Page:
• The Spanish rent trap

    Illustration: Raúl Arias, El Confidencial.

    Like many young-but-not-that-young Europeans in their thirties, my partner and I face a dilemma: should we continue renting or buy a house? Whatever the answer, one thing is clear: in Spain, we are lucky to be able to ask ourselves this question at all.

    For most young Spaniards, renting is not a choice. It is the only option available. Gone are the golden days when banks offered a 100% mortgage. Nowadays, financial institutions require at least 20% of the property price as a down payment. This is only possible for almost all young people in Spain if their older relatives can help out.

    Culturally, my country strongly favours buying over renting. I don’t have a single friend who would rather rent than own a house. Yet homeownership among the under 35s has almost halved in the last decade.

    But the alternative has not been a real solution. Despite the ongoing digital transformation, most young Spaniards still have to move to Madrid or Barcelona to find a job. This has sent rents through the roof, with respective annual increases of 15.4% and 19.9% in 2022 alone.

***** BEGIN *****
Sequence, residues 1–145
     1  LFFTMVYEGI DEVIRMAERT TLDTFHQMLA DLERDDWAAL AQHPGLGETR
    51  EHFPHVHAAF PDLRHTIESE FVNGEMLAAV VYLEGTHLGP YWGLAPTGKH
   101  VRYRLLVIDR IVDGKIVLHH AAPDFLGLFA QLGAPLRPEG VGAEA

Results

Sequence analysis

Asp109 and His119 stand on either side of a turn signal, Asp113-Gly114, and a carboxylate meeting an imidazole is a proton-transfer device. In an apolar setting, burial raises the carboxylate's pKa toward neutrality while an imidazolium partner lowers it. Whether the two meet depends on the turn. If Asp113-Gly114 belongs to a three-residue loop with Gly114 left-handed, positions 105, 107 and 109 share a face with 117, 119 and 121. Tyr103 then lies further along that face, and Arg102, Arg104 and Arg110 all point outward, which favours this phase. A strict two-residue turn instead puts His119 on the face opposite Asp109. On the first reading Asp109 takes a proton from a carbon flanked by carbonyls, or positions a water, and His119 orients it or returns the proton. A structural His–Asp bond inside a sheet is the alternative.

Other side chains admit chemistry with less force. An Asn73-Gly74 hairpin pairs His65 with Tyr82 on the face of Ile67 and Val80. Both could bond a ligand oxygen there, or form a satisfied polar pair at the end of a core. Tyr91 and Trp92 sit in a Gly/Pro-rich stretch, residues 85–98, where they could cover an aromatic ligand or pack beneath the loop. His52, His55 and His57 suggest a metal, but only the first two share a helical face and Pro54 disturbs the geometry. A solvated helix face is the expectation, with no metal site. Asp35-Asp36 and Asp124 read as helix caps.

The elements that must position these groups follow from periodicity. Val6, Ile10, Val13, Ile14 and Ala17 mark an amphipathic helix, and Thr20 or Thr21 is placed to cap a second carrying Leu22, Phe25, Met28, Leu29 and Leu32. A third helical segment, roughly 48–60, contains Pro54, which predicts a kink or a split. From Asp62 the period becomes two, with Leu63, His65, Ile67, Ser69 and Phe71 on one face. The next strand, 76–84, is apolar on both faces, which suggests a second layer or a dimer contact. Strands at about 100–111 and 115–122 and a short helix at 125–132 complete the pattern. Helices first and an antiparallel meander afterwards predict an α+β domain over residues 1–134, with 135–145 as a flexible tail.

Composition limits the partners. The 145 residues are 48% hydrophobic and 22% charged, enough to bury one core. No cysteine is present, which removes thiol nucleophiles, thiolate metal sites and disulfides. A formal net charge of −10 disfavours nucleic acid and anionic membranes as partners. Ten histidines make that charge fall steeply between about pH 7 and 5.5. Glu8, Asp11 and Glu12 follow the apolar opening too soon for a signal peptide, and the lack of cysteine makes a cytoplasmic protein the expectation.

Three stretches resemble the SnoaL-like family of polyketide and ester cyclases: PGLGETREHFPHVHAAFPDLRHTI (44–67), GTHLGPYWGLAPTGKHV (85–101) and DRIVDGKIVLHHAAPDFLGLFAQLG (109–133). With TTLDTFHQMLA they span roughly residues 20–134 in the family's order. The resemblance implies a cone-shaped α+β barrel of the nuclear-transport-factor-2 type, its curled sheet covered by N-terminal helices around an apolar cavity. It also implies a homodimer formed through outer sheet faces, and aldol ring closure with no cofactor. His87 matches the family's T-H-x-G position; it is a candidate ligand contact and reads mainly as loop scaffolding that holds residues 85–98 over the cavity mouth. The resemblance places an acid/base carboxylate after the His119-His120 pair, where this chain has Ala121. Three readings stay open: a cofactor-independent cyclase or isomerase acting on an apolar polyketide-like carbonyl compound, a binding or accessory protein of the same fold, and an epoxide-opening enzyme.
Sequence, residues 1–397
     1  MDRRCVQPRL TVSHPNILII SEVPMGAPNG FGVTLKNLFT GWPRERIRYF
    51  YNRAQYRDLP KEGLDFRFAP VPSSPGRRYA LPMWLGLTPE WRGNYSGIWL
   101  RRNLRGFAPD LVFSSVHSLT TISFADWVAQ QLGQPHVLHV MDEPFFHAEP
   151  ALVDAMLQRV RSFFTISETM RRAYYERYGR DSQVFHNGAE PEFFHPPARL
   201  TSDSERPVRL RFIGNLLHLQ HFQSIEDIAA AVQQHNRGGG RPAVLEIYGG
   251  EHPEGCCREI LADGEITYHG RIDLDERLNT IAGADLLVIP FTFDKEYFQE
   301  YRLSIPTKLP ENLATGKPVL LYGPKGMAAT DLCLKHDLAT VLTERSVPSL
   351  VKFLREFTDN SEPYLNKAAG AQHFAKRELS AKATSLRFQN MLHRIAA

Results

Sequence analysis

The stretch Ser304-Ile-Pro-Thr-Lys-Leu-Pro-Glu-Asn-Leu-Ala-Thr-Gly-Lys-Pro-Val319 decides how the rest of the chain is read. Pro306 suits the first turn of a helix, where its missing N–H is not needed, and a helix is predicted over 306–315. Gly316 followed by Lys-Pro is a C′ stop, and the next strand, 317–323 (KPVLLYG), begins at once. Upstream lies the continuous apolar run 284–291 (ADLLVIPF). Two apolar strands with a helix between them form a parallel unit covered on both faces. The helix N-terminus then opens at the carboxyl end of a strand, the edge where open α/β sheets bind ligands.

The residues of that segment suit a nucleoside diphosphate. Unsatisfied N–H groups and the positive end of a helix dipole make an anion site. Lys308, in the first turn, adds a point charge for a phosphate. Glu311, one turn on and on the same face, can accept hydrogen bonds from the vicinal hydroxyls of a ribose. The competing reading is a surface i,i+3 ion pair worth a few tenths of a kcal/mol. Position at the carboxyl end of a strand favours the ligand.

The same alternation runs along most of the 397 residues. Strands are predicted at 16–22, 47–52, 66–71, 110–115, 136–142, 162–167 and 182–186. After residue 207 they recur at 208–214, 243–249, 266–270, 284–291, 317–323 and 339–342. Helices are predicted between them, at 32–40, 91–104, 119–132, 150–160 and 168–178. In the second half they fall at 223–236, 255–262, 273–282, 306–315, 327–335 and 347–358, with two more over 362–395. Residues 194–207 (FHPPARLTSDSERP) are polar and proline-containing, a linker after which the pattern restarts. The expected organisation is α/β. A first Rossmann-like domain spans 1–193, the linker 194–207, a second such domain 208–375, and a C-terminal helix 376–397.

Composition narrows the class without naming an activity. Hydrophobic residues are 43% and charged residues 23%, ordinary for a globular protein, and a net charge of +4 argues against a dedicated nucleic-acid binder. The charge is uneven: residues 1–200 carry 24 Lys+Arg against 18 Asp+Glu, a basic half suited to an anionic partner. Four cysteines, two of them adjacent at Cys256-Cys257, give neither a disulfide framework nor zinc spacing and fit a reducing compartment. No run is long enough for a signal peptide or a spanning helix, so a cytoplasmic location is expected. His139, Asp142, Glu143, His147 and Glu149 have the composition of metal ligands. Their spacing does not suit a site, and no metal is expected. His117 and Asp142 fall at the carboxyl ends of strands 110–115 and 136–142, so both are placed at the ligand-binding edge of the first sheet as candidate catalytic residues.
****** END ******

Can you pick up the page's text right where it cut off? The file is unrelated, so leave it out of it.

There lies the Spanish rent trap. Ever-rising rents make it harder to save money, making it difficult to buy a property. This, in turn, means that young people stay in rented accommodation for longer. It’s a vicious circle that my partner and I, two of the lucky few, may be able to break free from, but it will keep younger generations trapped for decades.

    This article is part of the "Where will we live?" edition
    Poles stuck in tight rooms
    Number of the week
    The Spanish rent trap
    How to halve housing costs
    Our house is on fire